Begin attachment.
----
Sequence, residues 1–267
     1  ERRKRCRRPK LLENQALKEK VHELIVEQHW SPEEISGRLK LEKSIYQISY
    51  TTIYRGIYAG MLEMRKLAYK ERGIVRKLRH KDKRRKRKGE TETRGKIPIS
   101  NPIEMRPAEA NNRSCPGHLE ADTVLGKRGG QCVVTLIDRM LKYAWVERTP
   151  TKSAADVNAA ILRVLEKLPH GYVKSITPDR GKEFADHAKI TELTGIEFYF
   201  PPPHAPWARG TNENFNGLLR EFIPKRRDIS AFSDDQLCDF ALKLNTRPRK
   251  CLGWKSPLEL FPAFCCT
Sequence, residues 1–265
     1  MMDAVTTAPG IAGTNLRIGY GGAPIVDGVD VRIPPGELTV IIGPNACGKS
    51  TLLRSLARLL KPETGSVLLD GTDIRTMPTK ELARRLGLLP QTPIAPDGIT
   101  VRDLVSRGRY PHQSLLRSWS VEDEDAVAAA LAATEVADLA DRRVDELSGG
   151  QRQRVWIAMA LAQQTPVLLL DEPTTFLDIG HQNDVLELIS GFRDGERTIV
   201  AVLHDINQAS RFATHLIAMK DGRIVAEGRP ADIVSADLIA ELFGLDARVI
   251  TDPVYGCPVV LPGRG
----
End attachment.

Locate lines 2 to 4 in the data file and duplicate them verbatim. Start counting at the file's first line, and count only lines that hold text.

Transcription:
     1  ERRKRCRRPK LLENQALKEK VHELIVEQHW SPEEISGRLK LEKSIYQISY
    51  TTIYRGIYAG MLEMRKLAYK ERGIVRKLRH KDKRRKRKGE TETRGKIPIS
   101  NPIEMRPAEA NNRSCPGHLE ADTVLGKRGG QCVVTLIDRM LKYAWVERTP